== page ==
In Danny P. v. Catholic Health Initiatives, 891 F.3d 1155 (9th Cir. 2018), the Ninth Circuit clarified the full extent of the “parity” required in the federal mental health parity law1 which has been in place since 2008.
In Danny P., the Ninth Circuit held that a particular group health plan (the Catholic Health Initiatives Medical Plan—Blue Cross Blue Shield) was prohibited from denying the same or equivalent room and board coverage in behavioral health facilities that it provided in non-behavioral health facilities, overturning the district court’s decision in favor of the plan. Specifically, the Court held the plan could not be permitted to deny inpatient room board and costs at a behavioral health inpatient residential treatment facility while simultaneously allowing coverage for non-behavioral health (medical and surgical) inpatient room and board costs at a skilled nursing facility.
The plan at issue was a self-funded group health benefit plan covering Catholic Health Initiatives employees and their dependents, and provided for coverage of “mental health services,” bed, board, and general nursing care, ancillary services provided at skilled nursing facilities, and also provided coverage for residential treatment facilities (licensed facilities that deal with illnesses affecting mental health). The health insurance plan here was trying to limit payments for behavioral health residential services. Many plans attempt to limit residential behavioral health services because they are much more costly than the physical medicine corollary (e.g. a skilled nursing facility).
As stated in the opinion:
The Parity Act requires that benefits in a plan that provides for “both [ (a) ] medical and surgical benefits and [ (b) ] mental health or substance use disorder benefits,” must not impose more restrictions on the latter than it imposes on the former. 29 U.S.C. § 1185a(a)(3)(A). Specifically, the Parity Act states the following:
In the case of a group health plan (or health insurance coverage offered in connection with such a plan) that provides both medical and surgical benefits and mental health or substance use disorder benefits, such plan or coverage shall ensure that—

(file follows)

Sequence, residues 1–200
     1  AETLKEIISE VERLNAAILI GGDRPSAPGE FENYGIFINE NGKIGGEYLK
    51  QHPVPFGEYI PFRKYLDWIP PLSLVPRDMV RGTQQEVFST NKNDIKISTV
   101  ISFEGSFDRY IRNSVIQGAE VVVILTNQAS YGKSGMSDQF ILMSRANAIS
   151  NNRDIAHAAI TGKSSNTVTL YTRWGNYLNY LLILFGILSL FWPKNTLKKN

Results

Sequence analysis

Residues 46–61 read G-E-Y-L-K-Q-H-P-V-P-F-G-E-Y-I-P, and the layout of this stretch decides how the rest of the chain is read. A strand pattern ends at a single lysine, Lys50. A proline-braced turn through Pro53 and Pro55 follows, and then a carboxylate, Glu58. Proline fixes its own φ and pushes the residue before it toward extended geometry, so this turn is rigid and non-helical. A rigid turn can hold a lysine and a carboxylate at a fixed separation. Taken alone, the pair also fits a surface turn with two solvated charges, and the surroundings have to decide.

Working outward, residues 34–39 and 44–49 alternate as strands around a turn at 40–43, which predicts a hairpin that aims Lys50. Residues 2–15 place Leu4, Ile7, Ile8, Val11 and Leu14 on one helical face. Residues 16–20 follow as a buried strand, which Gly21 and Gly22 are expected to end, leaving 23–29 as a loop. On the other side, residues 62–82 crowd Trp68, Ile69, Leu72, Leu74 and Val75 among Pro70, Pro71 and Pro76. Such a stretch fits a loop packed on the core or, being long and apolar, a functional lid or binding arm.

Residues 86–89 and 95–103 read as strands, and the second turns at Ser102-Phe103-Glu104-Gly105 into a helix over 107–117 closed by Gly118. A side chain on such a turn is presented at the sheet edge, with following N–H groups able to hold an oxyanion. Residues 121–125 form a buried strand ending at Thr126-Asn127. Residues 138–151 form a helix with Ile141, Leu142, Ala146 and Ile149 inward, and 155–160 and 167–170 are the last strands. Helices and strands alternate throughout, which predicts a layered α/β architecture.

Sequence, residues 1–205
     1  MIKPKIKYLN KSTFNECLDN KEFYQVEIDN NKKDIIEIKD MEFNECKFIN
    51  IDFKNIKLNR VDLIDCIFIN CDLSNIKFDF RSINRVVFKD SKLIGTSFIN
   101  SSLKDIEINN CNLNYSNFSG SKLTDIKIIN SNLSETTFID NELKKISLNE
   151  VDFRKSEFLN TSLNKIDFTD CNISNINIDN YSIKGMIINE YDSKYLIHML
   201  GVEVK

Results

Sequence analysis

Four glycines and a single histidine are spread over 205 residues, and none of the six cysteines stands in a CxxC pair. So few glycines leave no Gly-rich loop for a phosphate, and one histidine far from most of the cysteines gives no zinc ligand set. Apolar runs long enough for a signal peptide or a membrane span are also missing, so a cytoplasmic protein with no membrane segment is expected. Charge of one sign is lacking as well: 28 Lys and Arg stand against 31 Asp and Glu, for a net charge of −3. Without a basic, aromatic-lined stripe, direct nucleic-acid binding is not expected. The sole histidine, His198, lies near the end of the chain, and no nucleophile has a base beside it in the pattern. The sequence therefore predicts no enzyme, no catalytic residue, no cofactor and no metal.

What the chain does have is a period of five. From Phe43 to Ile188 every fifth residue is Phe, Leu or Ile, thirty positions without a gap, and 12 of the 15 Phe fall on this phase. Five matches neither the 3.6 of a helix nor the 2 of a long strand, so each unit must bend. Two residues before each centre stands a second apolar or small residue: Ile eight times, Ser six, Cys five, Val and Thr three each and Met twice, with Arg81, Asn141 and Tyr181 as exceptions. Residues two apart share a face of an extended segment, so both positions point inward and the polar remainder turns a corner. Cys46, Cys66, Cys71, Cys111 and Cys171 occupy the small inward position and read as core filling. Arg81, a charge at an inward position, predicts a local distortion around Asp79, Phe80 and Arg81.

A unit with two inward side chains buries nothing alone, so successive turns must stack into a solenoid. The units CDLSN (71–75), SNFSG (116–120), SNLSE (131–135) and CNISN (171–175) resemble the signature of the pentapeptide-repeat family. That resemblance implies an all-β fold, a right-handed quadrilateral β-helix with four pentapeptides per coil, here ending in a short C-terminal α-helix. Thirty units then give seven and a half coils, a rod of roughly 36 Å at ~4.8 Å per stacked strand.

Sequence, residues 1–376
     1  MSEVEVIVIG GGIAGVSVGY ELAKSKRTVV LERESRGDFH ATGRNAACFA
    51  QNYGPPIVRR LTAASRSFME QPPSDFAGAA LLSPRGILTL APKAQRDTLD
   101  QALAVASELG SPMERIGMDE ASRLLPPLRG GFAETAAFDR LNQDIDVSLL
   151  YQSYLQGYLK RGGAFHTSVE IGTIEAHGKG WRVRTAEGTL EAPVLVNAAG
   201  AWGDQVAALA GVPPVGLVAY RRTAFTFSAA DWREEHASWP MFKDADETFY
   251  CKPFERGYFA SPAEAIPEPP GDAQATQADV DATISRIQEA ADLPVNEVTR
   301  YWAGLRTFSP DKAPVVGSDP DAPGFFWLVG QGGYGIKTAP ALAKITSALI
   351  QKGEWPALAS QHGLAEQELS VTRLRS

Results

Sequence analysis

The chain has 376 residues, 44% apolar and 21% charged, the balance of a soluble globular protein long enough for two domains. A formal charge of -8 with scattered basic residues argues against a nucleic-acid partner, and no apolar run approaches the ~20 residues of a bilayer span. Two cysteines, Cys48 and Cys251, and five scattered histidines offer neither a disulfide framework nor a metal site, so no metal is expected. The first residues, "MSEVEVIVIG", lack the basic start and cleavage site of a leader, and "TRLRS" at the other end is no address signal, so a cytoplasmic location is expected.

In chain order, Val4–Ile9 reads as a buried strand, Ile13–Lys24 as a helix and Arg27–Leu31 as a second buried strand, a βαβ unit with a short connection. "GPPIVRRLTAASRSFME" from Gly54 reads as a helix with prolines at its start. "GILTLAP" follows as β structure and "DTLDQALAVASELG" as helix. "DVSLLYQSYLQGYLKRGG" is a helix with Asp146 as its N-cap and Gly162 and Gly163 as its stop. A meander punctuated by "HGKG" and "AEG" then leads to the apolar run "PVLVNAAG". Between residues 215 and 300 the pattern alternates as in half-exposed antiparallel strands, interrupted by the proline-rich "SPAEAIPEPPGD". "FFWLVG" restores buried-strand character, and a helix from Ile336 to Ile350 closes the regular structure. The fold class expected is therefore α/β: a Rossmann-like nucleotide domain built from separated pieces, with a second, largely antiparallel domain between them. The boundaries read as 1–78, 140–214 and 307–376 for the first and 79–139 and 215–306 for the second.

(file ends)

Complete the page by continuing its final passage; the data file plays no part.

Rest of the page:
(i) the financial requirements applicable to such mental health or substance use disorder benefits are no more restrictive than the predominant financial requirements applied to substantially all medical and surgical benefits covered by the plan (or coverage), and there are no separate cost sharing requirements that are applicable only with respect to mental health or substance use disorder benefits; and
(ii) the treatment limitations applicable to such mental health or substance use disorder benefits are no more restrictive than the predominant treatment limitations applied to substantially all medical and surgical benefits covered by the plan (or coverage) and there are no separate treatment limitations that are applicable only with respect to mental health or substance use disorder benefits.
See Danny P., 891 F.3d at 1157–58.
The Ninth Circuit explained that neither the Parity Act nor the regulations specifically address every situation, leaving room for interpretation but reasoned the regulations “did indicate that mental and medical/surgical benefits must be congruent, and that limiting the former while not placing a similar limitation on the latter would be improper.” Id. at 1159.
As the opinion’s mandate ripples outward from the Ninth Circuit and impacts other enforcement actions, the next area of advocacy for parity will likely focus on qualitative or nonquantitative treatment limitations, which will be harder to identify but will be equally if not more important to the successful and comprehensive treatment of mental health and substance use disorders envisioned by the Parity Act.
1Most health plans must include behavioral health benefits as the Patient Protection and Affordable Care Act mandates. As such, under the federal Paul Wellstone and Pete Domenici Mental Health Parity and Addiction Equity Act of 2008 (MHPAEA), plans containing behavioral health benefits must offer them on par with medical/surgical benefits. For more information, see https://www.cms.gov/cciio/programs-and-initiatives/other-insurance-protections/mhpaea_factsheet.html
Also published in Healthcare Michigan, October 2018.
About the Authors:
Erica A. Morris, Associate, is a health care attorney in the Phoenix office and can be reached at 602-889-5342, firstname.lastname@example.org and her biography is available here.
Gregory W. Moore, Member, is a health care attorney in the Troy office and can be reached at 248-433-7268, email@example.com and his biography is available here.
Russell A. Kolsrud, Member, is a health care attorney in the Phoenix office and can be reached at 602-285-5054, firstname.lastname@example.org and his biography is available here.